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Cookbooks About Dehydrating & Rehydrating Food


TdeV
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14 hours ago, TdeV said:

Does anyone have recommendations for cookbooks (or websites) which provide ideas (recipes) for using dehydrated fruit and vegetables?

 

TIA

 

I've seen articles in the Mother Earth News over the years, so you could try their site. Most blogs/recipe sites I've seen with info on working with dehydrated veg are of the prepper/survivalist variety, so a) their culinary qualities may not be of the best; and b) frequenting them may result in... interesting... alterations to the suggested pages and ads you encounter subsequently.*

 

Dried fruit is easier, you can just Google recipe "[specific dried fruit] recipe ideas" and then winnow the results for sites you've previously used and/or have confidence in.

*I'd suggest using your browser's "incognito" mode (though Chrome will still report your searches to Google even with that turned on, according to a recent lawsuit, so it's better to use Firefox or some other alternative browser)

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“Who loves a garden, loves a greenhouse too.” - William Cowper, The Task, Book Three

 

"Not knowing the scope of your own ignorance is part of the human condition...The first rule of the Dunning-Kruger club is you don’t know you’re a member of the Dunning-Kruger club.” - psychologist David Dunning

 

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Seconding their use in soups and braises -- I find the texture of not-entirely-rehydrated items to be a nice complement to the other soup components.  

 

That aside -- I am the cook for my hiking group, which led me to eventually get into dehydrating (one of our group is strong as an ox and will carry anything anywhere including full bottles of liquid courage;  but at some point I realized that I was being downright abusive and perhaps I could just, you know, dehydrate the food component of our actual meals instead of making her carry frozen blocks of what-have-you.).  

 

Anyway, I have now looked into a number of cookbooks for dehydrated backcountry eating.  As @chromedome has pointed out -- the aim of this type of food is obviously distinct in that it maximizes calories per ounce.  In the backpacking context, it also prioritizes the kind of tastiness that will induce an exhausted person to eat more (hello, salt). 

 

But who knows, it may give you some ideas.  In order of favor:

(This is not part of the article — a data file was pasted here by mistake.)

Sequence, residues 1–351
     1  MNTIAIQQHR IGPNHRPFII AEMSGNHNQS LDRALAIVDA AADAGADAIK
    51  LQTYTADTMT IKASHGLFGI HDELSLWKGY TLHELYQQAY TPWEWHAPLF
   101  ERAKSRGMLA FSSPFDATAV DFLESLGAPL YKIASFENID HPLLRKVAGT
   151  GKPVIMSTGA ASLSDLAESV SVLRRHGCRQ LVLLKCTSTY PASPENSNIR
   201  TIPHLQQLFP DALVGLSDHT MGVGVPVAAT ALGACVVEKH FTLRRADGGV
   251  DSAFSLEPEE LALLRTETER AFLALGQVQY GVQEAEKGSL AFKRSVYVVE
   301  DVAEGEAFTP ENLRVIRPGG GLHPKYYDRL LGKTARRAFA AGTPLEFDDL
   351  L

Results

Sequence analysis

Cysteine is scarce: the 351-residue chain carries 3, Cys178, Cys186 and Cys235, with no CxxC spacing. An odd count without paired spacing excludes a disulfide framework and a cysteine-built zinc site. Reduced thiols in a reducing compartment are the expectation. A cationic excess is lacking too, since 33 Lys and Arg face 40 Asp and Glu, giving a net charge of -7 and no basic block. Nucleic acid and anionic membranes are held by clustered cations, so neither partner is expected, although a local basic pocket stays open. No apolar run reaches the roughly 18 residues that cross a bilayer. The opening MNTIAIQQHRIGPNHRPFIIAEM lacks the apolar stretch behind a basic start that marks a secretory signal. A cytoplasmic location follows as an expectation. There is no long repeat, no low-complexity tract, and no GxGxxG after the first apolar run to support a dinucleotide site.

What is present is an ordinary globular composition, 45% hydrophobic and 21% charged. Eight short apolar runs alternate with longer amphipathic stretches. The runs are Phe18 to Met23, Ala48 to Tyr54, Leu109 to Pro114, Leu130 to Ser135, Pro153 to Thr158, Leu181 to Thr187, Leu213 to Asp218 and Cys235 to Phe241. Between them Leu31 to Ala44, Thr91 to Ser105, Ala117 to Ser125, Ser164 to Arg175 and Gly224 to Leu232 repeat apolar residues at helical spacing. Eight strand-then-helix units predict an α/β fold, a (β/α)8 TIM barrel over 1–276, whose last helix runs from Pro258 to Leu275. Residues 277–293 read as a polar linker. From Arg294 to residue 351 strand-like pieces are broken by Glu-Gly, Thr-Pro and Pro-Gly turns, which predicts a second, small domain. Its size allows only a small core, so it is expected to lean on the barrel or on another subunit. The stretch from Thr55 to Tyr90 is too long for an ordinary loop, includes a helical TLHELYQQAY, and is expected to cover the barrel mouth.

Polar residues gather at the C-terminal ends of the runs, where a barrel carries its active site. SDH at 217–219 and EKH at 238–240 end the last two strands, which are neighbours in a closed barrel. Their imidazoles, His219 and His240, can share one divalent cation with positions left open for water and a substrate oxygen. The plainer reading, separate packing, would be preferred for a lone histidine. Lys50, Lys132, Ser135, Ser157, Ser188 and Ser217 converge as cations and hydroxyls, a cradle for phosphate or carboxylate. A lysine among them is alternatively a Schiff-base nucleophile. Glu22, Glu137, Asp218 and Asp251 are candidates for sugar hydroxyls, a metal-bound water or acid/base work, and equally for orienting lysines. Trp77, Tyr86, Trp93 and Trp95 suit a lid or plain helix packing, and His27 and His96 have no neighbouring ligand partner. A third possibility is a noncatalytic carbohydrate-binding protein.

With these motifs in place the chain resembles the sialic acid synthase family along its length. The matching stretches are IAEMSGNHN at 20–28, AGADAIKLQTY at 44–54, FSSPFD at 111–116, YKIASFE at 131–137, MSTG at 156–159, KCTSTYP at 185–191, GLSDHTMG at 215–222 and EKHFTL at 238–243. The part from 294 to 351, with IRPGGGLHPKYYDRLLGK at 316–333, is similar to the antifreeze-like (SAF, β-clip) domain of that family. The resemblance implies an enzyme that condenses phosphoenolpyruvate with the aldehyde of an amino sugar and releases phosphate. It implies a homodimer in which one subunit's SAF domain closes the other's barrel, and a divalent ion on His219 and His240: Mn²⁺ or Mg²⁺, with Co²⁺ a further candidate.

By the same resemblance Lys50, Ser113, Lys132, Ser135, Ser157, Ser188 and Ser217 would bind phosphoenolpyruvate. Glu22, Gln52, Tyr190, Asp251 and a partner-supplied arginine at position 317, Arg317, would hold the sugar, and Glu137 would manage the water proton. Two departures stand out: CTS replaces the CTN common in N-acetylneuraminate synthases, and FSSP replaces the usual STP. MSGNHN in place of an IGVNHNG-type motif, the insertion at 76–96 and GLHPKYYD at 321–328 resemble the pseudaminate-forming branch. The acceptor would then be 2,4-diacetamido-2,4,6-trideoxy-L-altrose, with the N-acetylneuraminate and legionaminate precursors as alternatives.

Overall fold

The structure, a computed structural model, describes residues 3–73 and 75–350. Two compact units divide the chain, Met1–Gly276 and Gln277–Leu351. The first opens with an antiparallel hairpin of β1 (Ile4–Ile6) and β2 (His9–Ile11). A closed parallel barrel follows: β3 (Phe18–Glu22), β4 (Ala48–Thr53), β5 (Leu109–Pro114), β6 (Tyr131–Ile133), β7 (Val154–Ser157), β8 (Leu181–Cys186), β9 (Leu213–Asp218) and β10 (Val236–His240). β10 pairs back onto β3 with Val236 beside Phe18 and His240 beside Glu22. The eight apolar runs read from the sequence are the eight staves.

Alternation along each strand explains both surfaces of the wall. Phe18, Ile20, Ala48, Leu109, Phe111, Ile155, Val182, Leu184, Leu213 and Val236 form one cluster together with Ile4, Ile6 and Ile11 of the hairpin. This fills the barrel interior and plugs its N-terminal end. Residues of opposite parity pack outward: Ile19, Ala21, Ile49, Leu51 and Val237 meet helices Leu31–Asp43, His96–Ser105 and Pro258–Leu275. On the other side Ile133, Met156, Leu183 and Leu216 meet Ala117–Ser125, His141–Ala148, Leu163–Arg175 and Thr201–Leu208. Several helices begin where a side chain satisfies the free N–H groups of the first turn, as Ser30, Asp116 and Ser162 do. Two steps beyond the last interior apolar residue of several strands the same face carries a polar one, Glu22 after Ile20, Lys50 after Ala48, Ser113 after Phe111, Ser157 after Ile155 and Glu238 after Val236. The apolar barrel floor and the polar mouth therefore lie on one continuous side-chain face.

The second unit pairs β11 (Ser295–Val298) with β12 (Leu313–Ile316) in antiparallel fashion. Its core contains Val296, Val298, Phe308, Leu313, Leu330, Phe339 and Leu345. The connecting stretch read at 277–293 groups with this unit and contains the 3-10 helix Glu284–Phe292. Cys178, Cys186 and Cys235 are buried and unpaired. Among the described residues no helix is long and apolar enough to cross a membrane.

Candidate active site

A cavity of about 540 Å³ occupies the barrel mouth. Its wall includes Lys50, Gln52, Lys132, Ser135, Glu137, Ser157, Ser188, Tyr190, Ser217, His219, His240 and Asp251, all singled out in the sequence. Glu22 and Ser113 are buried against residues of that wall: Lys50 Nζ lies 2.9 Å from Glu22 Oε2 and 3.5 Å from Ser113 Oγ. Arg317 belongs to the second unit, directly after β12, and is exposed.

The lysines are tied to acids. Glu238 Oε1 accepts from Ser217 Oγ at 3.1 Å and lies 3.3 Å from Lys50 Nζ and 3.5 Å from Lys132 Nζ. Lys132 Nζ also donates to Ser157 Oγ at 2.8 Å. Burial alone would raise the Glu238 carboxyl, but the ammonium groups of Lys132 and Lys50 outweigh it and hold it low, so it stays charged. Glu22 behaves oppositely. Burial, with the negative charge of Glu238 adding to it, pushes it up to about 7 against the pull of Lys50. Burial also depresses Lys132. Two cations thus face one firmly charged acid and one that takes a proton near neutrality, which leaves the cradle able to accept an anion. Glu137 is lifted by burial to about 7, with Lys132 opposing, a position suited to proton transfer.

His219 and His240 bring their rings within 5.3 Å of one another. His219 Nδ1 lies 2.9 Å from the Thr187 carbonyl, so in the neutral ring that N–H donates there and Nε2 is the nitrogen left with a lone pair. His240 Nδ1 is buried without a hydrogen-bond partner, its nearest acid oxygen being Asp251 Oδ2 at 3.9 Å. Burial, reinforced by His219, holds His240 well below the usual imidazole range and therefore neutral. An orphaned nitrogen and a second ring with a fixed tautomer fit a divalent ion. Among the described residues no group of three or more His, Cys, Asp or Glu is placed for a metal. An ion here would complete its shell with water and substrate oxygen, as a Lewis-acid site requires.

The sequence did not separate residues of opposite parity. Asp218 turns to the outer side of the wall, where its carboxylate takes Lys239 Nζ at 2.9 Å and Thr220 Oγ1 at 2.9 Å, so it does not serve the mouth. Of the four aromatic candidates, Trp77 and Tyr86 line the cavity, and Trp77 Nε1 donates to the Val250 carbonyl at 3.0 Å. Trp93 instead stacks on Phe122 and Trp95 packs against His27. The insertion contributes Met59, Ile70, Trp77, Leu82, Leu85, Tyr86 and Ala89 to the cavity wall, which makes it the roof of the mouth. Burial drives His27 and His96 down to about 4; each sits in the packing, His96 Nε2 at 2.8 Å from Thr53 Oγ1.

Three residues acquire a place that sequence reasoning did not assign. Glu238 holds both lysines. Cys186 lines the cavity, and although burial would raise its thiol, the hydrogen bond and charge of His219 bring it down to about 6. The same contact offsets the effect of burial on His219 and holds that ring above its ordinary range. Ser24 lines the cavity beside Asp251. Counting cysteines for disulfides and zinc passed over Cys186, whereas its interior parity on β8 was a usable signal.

"Backcountry Eats" by Kevin Ride (he also has a blog, or used to);

"Dirty Gourmet" by Aimee Trudeau, Emily Nielson, and Mi-Yan Kwan (a lot of the recipes in this book are not from dehydrated components);

"The Dehydrator Bible" by Jennifer MacKenzie, Jay Nutt & Don Mercer (not just backpacking, actually only has one chapter on camp food)

"Mary Bell's Complete Dehydrator Cookbook" (not backpacking either)

"The Dehydrator Cookbook for Outdoor Adventurers" by Julie Mosier.  

 

Unfortunately, the Time Life Good Cook book on "Preserving" does not contain a lot of recipes using dried foods, although it does have a section on the technique. 

 

On the leather thickness problem -- it got easier for me when I bought myself an offset spatula.  I then eyeball for variations in translucence.  It's aggravating when the middle isn't fully dried but the edge is approaching crispy, so I tend to push more material outward, which creates a bit of elevation at the edge.  Then -- when the major portion of the leather is done, I can just cut off the still-moist edges and eat them right then.  Like licking the beaters.  

 

If you store your leathers in the freezer, you don't have to worry about residual moisture, but it is annoying to have to freeze something which one was attempting to otherwise preserve.  

Edited by SLB (log)
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This summer I've used my Anova Precision Oven (APO) to dehydrate varieties of fruits and vegetables. The beginning of that discussion is here (needs updating).

 

I've purchased a few (cook)books about dehydration which have uneven but largely overlapping content about how to dehydrate some foods. 
 
Curiously, I haven't found many recipes for what to do with the dehydrated food, other than for meals while wilderness camping or snacks on the trails, neither of which I do. Many times in the past I've purchased dried foods, only to have them get too old because I didn't find a way to use them. In the next post, I'll list the books I have.